Only a day after skywatchers in mid- to upper-latitudes around the world were treated to a particularly energetic display of auroras on the night of March 17 as a result of an intense geomagnetic storm, researchers from the University of Colorado announced findings from NASA’s MAVEN mission of auroral action observed on Mars – although in invisible ultraviolet wavelengths rather than visible light.
On March 18, 1965, the first extravehicular activity – or EVA – in space was conducted by Russian cosmonaut Aleksei Leonov, who spent ten minutes outside his Vokshod 2 spacecraft in Earth orbit. Leonov’s historic spacewalk paved the way for all future EVAs, from Ed White’s first American EVA on June 3 of the same year, to low-Earth orbit, to the surface of the Moon… and back to low-Earth orbit again.
Watch footage from the first human spacewalk above, and learn more about Leonov’s experience in space in this Air & Space article here (and find out how close he came to avoiding disaster.)
“Our orbit would soon take us away from the sun and into darkness. It was then I realized how deformed my stiff spacesuit had become, owing to the lack of atmospheric pressure. My feet had pulled away from my boots and my fingers from the gloves attached to my sleeves, making it impossible to reenter the airlock feet first.”
– Aleksei Leonov recalling his 1965 spacewalk (via Air & Space)
Also, the National Air & Space museum has an exhibit on 50 years of EVAs – you can learn more about that online here.
Just one month after the announcement of the 100 “finalists” selected by MarsOne – a Dutch nonprofit company that’s promising to establish a permanent colony on the Red Planet by 2025 – a scathing exposé has been published online that reveals some of the behind-the-scenes processes that have been going on for applicants, as described by selected finalist Dr. Joseph Roche, who happens to be an astrophysicist and assistant professor at Trinity College’s School of Education in Dublin, Ireland.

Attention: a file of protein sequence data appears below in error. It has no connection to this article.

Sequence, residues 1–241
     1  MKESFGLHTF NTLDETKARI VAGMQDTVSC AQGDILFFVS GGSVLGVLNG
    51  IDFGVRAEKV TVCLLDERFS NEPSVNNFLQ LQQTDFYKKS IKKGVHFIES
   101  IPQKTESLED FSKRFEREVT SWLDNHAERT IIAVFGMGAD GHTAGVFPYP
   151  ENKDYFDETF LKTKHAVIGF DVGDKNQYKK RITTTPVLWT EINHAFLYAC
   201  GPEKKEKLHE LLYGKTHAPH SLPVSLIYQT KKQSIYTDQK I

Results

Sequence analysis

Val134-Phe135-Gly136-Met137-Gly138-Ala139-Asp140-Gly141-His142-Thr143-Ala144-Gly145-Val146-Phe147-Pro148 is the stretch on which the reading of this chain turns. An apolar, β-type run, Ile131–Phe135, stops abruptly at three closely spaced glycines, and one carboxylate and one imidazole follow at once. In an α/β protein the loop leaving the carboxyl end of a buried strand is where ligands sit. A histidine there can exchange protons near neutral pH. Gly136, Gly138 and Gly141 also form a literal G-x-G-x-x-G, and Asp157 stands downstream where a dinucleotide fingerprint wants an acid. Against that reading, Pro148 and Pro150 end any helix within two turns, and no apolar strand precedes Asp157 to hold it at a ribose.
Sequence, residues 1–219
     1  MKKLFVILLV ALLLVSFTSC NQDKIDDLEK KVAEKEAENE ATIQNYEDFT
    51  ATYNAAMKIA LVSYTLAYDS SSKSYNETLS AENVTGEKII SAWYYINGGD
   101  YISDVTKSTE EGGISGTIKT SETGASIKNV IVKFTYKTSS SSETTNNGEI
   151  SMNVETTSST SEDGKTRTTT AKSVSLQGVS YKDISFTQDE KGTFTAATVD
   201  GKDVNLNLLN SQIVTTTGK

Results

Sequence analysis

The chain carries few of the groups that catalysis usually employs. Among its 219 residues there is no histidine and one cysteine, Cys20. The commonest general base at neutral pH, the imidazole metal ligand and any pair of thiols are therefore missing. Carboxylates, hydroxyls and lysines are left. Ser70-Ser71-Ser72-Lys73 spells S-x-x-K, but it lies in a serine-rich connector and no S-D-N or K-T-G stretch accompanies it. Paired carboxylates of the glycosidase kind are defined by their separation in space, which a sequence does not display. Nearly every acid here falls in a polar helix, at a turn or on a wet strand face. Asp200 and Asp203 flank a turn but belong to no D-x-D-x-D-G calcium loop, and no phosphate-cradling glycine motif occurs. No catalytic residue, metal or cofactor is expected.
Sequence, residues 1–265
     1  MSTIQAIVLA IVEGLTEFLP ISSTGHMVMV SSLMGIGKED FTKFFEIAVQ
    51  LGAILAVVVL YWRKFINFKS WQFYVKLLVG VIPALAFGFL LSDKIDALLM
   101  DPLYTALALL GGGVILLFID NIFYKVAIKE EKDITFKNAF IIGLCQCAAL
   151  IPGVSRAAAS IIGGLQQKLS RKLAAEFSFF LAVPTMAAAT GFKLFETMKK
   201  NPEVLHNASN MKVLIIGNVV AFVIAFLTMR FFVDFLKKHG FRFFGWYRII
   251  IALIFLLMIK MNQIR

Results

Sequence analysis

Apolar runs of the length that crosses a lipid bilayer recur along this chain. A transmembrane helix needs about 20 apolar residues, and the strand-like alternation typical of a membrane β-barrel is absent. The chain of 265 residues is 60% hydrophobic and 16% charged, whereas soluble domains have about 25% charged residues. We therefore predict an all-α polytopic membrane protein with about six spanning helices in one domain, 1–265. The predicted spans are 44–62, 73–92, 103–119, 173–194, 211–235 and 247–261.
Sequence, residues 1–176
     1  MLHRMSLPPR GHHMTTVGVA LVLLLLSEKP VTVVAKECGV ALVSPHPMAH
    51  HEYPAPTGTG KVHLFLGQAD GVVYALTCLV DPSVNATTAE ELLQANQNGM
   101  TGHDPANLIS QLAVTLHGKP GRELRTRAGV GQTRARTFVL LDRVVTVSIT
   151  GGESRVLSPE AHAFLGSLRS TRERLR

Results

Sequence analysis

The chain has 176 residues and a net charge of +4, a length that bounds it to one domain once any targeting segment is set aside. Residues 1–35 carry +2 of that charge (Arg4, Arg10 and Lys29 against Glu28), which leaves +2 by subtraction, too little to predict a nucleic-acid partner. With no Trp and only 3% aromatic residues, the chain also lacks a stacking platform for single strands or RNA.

In fact, based on the article in Medium, it not only sounds like MarsOne will be unable to deliver on their promises in any reasonable fashion – they may even be a fraud. (A suggested donation of 75% of any interviewees’ profits to the company??)
Obviously this is a totally-for-fun sci-fi video, but what a video! Created by Oscar-nominated Irish filmmaker Ruairi Robinson, it shows fleets of very industrial-looking fighter skiffs hunting giant flying eels through the skies of some very cloudy planet… the first thought that came to my mind was Titan! (Although Titan is more hazy than cloudy but that’s just getting nitpicky.) Check out the video above… if this ever becomes a feature-length film I know I’ll be buying a ticket for sure.
HT to my Facebook friend and fantasy artist Bob Eggleton.
Credit: Ruairi Robinson. Developed with the assistance of the Irish Film Board.
UPDATE 3/23: This proof-of-concept short may become a feature length movie, thanks to District 9 director Neill Blomkamp and X-Men: Days of Future Past producer Simon Kinberg… and also to all the people on the ‘net who have been raving about it! Read more on The Verge here.